The 21 areas where the Lib Dems and Labour agree

by Stephen Tall on July 27, 2014

Miliband-CleggIt’s a few months since I first published my list of 17 policies on which the Lib Dems and Labour now agree. These ranged from including tax-cuts for low-earners, the introduction of a mansion tax, a major council house-building programme, cuts to universal benefits for wealthy pensioners, and an elected House of Lords.

One I highlighted was the likely scrapping of the Bedroom Tax, noting then: “Officially the Lib Dems are committed to an immediate review of the impact of the ‘bedroom tax’ (or ‘spare room subsidy’ as no-one calls it), including looking at what money (if any) has been saved, the costs incurred, and the effect on vulnerable tenants. However, party president Tim Farron has made no secret of his wish to reform / scrap it. Ed Miliband announced at the last Labour conference that any government he led would scrap it.” Things have moved on since then, with the Lib Dems now committed to reforming the Bedroom Tax so that no tenant will lose housing benefit unless they decline the offer of alternative suitable housing.

To those 17, I subsequently added another three in May:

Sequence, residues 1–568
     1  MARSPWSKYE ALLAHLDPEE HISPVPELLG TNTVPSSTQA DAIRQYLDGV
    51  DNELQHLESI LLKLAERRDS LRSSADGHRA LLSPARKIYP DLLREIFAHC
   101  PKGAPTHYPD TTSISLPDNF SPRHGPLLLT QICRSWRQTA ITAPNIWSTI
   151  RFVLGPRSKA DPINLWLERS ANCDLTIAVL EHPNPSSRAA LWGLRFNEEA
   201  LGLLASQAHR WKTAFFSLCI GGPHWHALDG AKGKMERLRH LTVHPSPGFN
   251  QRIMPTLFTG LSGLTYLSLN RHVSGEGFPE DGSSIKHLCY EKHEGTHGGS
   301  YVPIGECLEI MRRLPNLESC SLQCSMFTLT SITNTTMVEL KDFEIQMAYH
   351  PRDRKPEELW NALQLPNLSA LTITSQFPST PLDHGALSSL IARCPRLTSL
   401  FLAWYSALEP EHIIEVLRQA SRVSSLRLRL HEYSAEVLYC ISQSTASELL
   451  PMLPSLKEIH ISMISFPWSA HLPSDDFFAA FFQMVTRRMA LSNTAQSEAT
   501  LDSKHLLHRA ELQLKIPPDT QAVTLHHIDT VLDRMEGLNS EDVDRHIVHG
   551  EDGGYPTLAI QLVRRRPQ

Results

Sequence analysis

• increasing the provision and affordability of childcare;
  • a living wage for public sector workers; and
  • private sector rent reforms to encourage three-year leases.
  • And then last month, the 21st area of broad agreement became clear when Nick Clegg announced that the Lib Dems would argue the next government “will be able to borrow in order to fix our creaking national infrastructure” in growth-enhancing projects. Though, as Adam Corlett argued here, the policy is not identical to Labour’s, it is certainly more in sympathy with Eds Miliband’s and Balls’ approach.

    So that’s the up-to-date 21 areas where the Lib Dems and Labour agree. As I pointed out in my Total Politics column this month, “If Labour ends up the largest party in a hung parliament there’s plenty of material for a Lib/Lab pact.”

    * Stephen Tall is Co-Editor of Liberal Democrat Voice, and editor of the 2013 publication, The Coalition and Beyond: Liberal Reforms for the Decade Ahead. He is also a Research Associate for the liberal think-tank CentreForum and writes at his own site, The Collected Stephen Tall.